Martin Heidegger rose to prominence with the publication of his magisterial ontological treatise Being and Time. The work opens with a reflection on the nature of being, “Being is the most universal concept,” Heidegger declares, and that the question of being “has today been forgotten.” Why did Heidegger write his seemingly incomprehensible work and to whom was it directed against?
As a German philosopher Heidegger is situated in the post-Hegelian, post-Nietzschean, post-romantic tradition of philosophy. He is also situated in the post-Cartesian crisis: the crisis of ontology and our (human) relationship to the world. Heidegger was instrumental on Sartre, in fact, Sartre’s Being and Nothingness is more a response to Heidegger’s Being and Time than it is a rebuttal to Hegel and Christian ontology as sometimes presented; Sartre read little Hegel and most of what he knew of Hegel and Freud, when Being and Nothingness was published, had come second hand through Heidegger. Like many of the existentialists who came after Heidegger, Being and Time deals with the problem of existential ontology: self-consciousness in a world of facticity and materiality. It also deals with the crisis of atomization, liberalization, and uprootedness from the world and relationships. All of this can be traced back to Bacon’s functional separation of man from world and Heidegger, believing doctrinal Christianity cannot “put back together” (so to speak) the world Bacon deconstructed, embarked on his own to overcome the challenges presented by Bacon, Descartes, Hegel, and Nietzsche.
Heidegger’s work is multifaceted which adds to its complexity, and no less its genius. It is a work influenced by Greek and Christian philosophy, though it rejects the eudemonistic teleology of Greco-Christian anthropological thought. It affirms the importance of a world of relationships, relationships with the world and other humans, but recognizes the inherent problems of selfhood and others. It launches a critique of Hegel, between the lines, though itself is a work of revisionist Hegelianism. As a work of revisionist Hegelianism it is also indebted to Nietzsche, the greatest of the revisionist Hegelian critics of the 19th century; though Heidegger also rejects Nietzsche. In English the work is difficult to translate because of Heidegger’s implementation of new terms that don’t read well in German, but German definitions afford a certain understanding superior to English concepts and words that don’t invoke the same meaning as Heideggerian German does; thus many English translations retain the use of Heidegger’s original German terminology with attempts to explain what they mean in elaborate footnotes or bypass any attempt to translate the meaning at all.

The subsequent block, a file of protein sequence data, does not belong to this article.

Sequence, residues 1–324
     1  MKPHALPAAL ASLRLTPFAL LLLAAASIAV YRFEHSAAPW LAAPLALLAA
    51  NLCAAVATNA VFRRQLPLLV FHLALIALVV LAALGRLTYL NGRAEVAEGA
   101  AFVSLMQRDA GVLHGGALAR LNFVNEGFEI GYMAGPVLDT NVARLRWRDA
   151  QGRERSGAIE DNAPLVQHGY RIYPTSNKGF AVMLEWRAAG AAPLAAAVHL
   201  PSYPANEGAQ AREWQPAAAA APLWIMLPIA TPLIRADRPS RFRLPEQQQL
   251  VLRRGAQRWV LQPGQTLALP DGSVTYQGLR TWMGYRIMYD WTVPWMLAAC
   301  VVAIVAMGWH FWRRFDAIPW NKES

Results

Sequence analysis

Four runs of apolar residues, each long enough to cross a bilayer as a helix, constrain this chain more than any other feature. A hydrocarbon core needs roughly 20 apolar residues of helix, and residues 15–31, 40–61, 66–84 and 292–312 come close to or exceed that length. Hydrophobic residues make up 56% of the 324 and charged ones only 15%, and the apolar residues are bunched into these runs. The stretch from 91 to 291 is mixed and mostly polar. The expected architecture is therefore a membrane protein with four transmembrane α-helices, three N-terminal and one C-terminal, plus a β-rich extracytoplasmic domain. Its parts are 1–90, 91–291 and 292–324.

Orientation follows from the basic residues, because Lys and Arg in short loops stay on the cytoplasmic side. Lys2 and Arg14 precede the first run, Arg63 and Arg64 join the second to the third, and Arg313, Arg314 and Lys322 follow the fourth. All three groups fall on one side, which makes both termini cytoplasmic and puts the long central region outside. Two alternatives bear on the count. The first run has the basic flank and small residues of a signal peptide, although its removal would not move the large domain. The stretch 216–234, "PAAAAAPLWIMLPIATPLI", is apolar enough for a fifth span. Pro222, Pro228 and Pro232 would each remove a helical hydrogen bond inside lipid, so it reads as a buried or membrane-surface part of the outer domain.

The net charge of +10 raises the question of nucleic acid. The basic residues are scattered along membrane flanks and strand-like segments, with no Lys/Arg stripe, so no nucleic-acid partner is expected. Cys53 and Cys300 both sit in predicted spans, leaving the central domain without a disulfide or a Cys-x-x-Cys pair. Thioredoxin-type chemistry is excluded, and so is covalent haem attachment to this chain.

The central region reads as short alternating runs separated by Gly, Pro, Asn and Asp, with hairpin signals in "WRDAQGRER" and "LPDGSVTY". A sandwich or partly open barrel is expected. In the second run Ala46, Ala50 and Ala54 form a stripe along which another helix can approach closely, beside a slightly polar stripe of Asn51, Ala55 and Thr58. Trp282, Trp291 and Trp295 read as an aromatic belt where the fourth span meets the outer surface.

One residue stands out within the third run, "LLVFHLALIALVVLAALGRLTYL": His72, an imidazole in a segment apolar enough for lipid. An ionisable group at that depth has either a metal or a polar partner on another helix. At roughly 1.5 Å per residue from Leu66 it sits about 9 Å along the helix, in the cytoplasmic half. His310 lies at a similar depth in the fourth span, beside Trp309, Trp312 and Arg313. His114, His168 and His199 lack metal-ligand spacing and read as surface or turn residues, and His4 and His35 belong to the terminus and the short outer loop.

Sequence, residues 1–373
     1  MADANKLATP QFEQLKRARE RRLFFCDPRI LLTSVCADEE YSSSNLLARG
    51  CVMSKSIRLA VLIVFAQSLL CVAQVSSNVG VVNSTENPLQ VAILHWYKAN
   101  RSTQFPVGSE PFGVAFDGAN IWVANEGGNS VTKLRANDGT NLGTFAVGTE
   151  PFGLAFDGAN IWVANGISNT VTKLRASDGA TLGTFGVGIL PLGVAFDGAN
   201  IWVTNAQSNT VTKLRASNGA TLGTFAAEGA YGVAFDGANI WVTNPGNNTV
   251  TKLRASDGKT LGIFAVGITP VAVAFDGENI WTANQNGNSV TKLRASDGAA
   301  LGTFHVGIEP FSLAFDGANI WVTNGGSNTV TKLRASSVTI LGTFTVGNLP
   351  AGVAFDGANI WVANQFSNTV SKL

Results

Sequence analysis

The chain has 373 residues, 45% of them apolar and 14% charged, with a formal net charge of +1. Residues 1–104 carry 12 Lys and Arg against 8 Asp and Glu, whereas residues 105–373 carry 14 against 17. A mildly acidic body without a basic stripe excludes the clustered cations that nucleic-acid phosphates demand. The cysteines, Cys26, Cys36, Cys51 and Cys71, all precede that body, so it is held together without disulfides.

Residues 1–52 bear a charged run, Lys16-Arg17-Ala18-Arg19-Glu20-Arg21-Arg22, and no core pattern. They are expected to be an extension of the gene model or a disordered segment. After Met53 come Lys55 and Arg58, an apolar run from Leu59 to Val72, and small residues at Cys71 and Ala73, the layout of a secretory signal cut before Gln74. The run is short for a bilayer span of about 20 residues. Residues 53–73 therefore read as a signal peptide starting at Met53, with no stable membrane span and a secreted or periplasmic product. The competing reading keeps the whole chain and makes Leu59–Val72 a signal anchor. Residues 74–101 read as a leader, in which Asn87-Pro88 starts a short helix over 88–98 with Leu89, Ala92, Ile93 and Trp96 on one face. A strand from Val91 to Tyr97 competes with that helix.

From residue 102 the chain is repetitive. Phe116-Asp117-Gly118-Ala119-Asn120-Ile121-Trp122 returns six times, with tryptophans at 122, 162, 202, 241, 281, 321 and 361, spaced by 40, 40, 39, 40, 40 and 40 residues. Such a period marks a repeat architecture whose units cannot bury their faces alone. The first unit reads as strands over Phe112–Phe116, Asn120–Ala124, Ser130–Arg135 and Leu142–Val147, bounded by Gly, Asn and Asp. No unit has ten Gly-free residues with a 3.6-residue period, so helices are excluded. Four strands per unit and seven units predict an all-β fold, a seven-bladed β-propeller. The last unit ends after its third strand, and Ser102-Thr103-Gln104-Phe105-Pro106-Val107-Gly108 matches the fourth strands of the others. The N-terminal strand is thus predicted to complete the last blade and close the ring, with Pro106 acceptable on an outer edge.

At its heart Being and Time is a work that wants to recapture the tradition of metaphysical ontology as the only basis of universality. In other words, Heidegger knows something that the ancients knew: In order for their to be Truth there has to be Nature. While he sidesteps the question of God, he does not sidestep the question of metaphysical ontology. Thus, the work is one which is attempting to confront nihilistic relativism to reassert basic universal truths that we can know. At the same time, Heidegger’s work is a rebuke of Hegelian historicism and the monistic materialistic yet functionally dualist worldview stemming from Bacon and Descartes. Heidegger believes that philosophy’s absorption into the philosophy of history (historicism) had done significant harm to philosophy qua philosophy. Likewise, the existential dilemma that people now find themselves—namely the crisis of uprootedness and “feeling alone”—was largely a byproduct of the reductionist materialist philosophy of the new science which, paradoxically, placed man as a subjective being in conflict with the world (and other subjective beings) which had unleashed cataclysm to the “meaning of human existence.” Yet, Heidegger is still indebted, in certain ways, to Hegel’s philosophy: Dialectical Ontology especially.
Thus, Heidegger’s work is firmly in the tradition of German anti-nihilist romanticism. He attempts to put together the “synthesis” that will resolve the crisis of modern philosophy, which is primarily the crisis of nihilism: living an unmeaningful life, the denial of truth, and the absorption of philosophy to history. Heidegger, like Hegel, is engaged in the project of constructive critique. The apple doesn’t fall far from the tree in this respect.
Hesiod, Paul Krause in real life, is the editor of VoegelinView and a writer on art, culture, literature, politics, and religion for numerous journals, magazines, and newspapers. He is the author of The Odyssey of Love and the Politics of Plato, and a contributor to the College Lecture Today and the forthcoming book Diseases, Disasters, and Political Theory. He holds master’s degrees in philosophy and theology (biblical & religious studies) from the University of Buckingham and Yale, and a bachelor’s degree in economics, history, and philosophy from Baldwin Wallace University.
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